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World J Gastroenterol. Feb 7, 2020; 26(5): 456-465
Published online Feb 7, 2020. doi: 10.3748/wjg.v26.i5.456
Diet and functional dyspepsia: Clinical correlates and therapeutic perspectives
Marcella Pesce, Martina Cargiolli, Sara Cassarano, Barbara Polese, Barbara De Conno, Laura Aurino, Nicola Mancino, Giovanni Sarnelli, Department of Clinical Medicine and Surgery, “Federico II” University of Naples, Naples 80131, Italy
Marcella Pesce, GI Physiology Unit, University College London Hospital, London NW1 2BU, United Kingdom
ORCID number: Marcella Pesce (0000-0001-5996-4259); Martina Cargiolli (0000-0001-9378-7882); Sara Cassarano (0000-0002-0616-3711); Barbara Polese (0000-0001-5173-2453); Barara De Conno (0000-0001-6205-8513); Laura Aurino (0000-0002-9060-2595); Nicola Mancino (0000-0002-7940-1952); Giovanni Sarnelli (0000-0002-1467-1134).
Author contributions: Pesce M and Sarnelli G conceived the manuscript and contributed to drafting, critical revision and editing; Cargiolli M, Polese B and Cassarano S carried out literature review and analysis and contributed to writing the manuscript. De Conno B, Aurino L and Mancino N contributed to this paper with literature review and analysis and editing; all authors gave final approval of the paper.
Conflict-of-interest statement: No potential conflicts of interest.
Open-Access: This article is an open-access article that was selected by an in-house editor and fully peer-reviewed by external reviewers. It is distributed in accordance with the Creative Commons Attribution NonCommercial (CC BY-NC 4.0) license, which permits others to distribute, remix, adapt, build upon this work non-commercially, and license their derivative works on different terms, provided the original work is properly cited and the use is non-commercial. See:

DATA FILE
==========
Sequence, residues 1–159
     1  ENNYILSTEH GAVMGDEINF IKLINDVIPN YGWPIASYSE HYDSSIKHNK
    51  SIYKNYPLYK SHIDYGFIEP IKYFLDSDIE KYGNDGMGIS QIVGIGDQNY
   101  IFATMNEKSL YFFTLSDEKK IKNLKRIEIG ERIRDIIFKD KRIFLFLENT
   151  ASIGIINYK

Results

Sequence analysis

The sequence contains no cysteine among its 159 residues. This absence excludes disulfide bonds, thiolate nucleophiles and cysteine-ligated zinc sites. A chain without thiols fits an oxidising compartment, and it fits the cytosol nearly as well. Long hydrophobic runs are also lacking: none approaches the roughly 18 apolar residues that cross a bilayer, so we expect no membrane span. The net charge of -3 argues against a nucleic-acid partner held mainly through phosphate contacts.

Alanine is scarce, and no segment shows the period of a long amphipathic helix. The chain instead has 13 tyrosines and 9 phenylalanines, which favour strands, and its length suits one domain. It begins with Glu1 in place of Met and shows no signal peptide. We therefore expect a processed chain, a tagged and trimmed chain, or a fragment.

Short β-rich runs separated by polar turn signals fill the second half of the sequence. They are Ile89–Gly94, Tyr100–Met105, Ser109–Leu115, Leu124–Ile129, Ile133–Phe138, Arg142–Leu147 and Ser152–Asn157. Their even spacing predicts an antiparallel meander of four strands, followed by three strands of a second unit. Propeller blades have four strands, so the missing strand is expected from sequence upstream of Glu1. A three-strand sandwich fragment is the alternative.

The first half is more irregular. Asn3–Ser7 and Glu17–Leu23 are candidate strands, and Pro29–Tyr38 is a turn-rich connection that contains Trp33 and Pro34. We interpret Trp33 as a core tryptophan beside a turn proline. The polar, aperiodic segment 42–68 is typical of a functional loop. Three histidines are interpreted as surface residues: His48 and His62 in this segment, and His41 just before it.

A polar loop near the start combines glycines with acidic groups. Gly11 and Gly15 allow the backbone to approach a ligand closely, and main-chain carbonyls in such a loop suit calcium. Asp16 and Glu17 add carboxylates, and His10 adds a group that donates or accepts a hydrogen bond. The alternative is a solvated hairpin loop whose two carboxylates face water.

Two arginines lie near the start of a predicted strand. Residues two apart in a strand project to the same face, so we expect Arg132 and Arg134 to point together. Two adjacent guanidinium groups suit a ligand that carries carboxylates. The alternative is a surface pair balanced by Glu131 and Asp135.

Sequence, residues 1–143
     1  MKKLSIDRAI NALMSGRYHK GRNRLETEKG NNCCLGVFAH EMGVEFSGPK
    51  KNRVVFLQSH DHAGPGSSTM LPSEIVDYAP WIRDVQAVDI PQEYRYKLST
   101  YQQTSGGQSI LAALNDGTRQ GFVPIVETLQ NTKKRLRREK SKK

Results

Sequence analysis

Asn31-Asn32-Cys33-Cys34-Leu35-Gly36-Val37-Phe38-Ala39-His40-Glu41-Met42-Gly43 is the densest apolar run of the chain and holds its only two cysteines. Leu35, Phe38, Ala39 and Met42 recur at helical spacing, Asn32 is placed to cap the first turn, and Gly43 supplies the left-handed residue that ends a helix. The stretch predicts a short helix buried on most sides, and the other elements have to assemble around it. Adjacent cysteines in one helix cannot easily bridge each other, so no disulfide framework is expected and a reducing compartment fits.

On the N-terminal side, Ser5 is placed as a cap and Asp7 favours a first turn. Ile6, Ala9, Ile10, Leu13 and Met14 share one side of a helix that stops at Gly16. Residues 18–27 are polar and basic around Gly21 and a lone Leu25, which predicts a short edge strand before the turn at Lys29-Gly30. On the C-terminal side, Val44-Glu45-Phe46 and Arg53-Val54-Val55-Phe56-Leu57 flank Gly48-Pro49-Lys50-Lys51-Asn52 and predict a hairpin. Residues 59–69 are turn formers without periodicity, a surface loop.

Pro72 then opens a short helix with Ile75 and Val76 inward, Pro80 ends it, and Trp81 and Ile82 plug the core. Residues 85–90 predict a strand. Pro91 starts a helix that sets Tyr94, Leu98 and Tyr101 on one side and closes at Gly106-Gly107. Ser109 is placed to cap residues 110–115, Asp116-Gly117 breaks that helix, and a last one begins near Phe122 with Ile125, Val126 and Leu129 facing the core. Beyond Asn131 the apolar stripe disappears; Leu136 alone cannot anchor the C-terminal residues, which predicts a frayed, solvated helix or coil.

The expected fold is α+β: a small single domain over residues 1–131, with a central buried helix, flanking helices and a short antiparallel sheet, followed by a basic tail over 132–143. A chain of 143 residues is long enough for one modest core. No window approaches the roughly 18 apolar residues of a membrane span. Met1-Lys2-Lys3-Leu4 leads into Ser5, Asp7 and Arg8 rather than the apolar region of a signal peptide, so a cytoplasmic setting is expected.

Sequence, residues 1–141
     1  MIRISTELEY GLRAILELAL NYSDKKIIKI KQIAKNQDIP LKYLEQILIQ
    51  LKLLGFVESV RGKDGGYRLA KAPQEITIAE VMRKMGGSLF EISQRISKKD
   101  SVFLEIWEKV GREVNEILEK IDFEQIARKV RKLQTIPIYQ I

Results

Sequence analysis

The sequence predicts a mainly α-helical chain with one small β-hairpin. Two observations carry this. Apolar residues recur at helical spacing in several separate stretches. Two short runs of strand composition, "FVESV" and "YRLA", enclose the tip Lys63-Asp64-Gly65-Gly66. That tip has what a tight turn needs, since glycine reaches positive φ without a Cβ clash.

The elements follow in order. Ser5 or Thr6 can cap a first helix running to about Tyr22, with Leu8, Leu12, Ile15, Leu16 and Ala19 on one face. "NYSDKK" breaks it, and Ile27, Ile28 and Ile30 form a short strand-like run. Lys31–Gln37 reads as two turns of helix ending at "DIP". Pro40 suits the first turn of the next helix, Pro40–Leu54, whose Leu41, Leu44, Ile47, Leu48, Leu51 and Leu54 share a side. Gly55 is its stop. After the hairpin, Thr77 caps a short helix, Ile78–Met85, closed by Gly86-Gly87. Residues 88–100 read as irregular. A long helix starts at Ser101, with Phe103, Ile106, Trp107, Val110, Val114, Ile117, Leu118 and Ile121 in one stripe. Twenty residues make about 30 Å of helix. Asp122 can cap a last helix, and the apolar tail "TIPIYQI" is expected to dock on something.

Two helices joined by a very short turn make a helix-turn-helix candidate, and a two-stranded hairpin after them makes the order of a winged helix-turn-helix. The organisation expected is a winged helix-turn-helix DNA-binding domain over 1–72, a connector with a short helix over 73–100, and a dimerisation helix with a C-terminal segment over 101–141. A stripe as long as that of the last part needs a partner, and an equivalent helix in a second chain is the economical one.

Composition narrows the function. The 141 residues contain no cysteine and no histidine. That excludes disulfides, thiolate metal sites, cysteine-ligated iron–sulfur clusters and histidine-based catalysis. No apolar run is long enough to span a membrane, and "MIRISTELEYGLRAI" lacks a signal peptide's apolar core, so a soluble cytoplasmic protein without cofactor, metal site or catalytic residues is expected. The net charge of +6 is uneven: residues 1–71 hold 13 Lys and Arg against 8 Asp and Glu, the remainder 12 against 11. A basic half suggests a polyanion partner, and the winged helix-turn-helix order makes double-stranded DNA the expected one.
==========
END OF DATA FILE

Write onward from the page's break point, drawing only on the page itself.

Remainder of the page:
Corresponding author: Giovanni Sarnelli, MD, PhD, Associate Professor, Department of Clinical Medicine and Surgery, Federico II University of Naples, Via Pansini 5, Naples 80131, Italy.
Received: November 15, 2019
Peer-review started: November 15, 2019
First decision: December 12, 2019
Revised: December 24, 2019
Accepted: January 19, 2020
Article in press: January 19, 2020
Published online: February 7, 2020


Hypervigilance and symptoms anticipation, visceral hypersensitivity and gastroduodenal sensorimotor abnormalities account for the varied clinical presentation of functional dyspepsia (FD) patients. Many patients recognize meals as the main triggering factor; thus, dietary manipulations often represent the first-line management strategy in this cohort of patients. Nonetheless, scarce quality evidence has been produced regarding the relationship between specific foods and/or macronutrients and the onset of FD symptoms, resulting in non-standardized nutritional approaches. Most dietary advises are indeed empirical and often lead to exclusion diets, reinforcing in patients the perception of “being intolerant” to food and self-perpetuating some of the very mechanisms underlying dyspepsia physiopathology (i.e., hypervigilance and symptom anticipation). Clinicians are often uncertain regarding the contribution of specific foods to dyspepsia physiopathology and dedicated professionals (i.e., dietitians) are only available in tertiary referral settings. This in turn, can result in nutritionally unbalanced diets and could even encourage restrictive eating behaviors in severe dyspepsia. In this review, we aim at evaluating the relationship between dietary habits, macronutrients and specific foods in determining FD symptoms. We will provide an overview of the evidence-based nutritional approach that should be pursued in these patients, providing clinicians with a valuable tool in standardizing nutritional advises and discouraging patients from engaging into indiscriminate food exclusions.